Effect of temperature and carbon to nitrogen ratio on the performance of an upflow anaerobic sludge blanket reactor treating sugarcane molasses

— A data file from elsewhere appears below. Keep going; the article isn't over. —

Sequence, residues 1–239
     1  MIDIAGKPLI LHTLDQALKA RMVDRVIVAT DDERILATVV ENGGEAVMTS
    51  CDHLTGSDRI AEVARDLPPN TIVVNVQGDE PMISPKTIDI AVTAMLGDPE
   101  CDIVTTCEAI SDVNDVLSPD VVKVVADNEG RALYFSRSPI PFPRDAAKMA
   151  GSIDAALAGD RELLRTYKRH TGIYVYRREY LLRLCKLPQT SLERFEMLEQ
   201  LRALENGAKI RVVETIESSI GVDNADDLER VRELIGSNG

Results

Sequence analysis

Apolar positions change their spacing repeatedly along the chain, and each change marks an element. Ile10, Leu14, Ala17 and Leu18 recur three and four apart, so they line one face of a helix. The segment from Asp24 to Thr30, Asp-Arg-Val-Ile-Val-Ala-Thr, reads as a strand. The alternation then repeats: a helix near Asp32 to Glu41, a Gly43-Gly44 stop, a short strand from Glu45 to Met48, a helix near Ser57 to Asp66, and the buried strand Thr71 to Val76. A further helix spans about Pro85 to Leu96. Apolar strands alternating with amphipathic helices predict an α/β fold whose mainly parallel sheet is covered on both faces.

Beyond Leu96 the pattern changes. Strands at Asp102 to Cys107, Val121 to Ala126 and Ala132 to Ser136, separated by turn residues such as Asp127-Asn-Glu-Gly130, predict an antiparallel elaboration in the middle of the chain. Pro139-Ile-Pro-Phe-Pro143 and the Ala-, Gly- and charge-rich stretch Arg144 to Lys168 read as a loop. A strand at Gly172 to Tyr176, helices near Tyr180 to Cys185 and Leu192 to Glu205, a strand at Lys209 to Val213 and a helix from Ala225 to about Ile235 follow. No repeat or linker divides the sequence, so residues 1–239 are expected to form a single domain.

The sugar industry contributes to the development of the economy in many countries, including South Africa. The wastewater generated by this industry has a high pollution load, and therefore requires treatment before discharge to the environment. The primary aims of this study were to determine the performance of an upflow anaerobic sludge blanket (UASB) reactor treating sugarcane molasses and to develop an empirical model to predict the behaviour of the UASB in terms of chemical oxygen demand (COD) removal and biogas production. A UASB (46 L working volume) was inoculated with granular sludge from the brewery industry and was used to investigate the treatment of synthetic sugar industry wastewater with an average COD of 4101 mg/L. The experiments were designed using Design-Expert® Software Version 10. The analysis of variance for the models and the optimisation of reactor temperature and feed carbon to nitrogen (C/N ratio) were carried out using response surface methodology. The UASB was operated at constant hydraulic retention time and organic loading rate of 2.04 days and 2.01 kg/m3.d, respectively. A start-up period of 22 days was required to reach steady-state. The developed empirical models for total COD removal efficiency and biogas production rate were found to be statistically significant with Prob > F values of 0.0747 and 0.0495 and the determination coefficients (R2) were found to be 0.80 and 0.65, respectively. The optimal conditions were found to be at a temperature of 38oC and C/N ratio of 22 mgTOC/mgTN. The corresponding removal efficiencies in terms of total COD, five day biological oxygen demand, total nitrogen, total phosphorus, and sulphate was 77.7, 85.9, 99.2, 44.4 and 57.2%, respectively. Biogas was produced at a rate of 0.832 L/L.d with a methane, carbon dioxide and molecular oxygen content of 65.2, 32.8 and 0.6%. Results suggest that UASBs may offer a feasible option for reducing the organic strength of sugar industry wastewater, while simultaneously generating methane-rich biogas.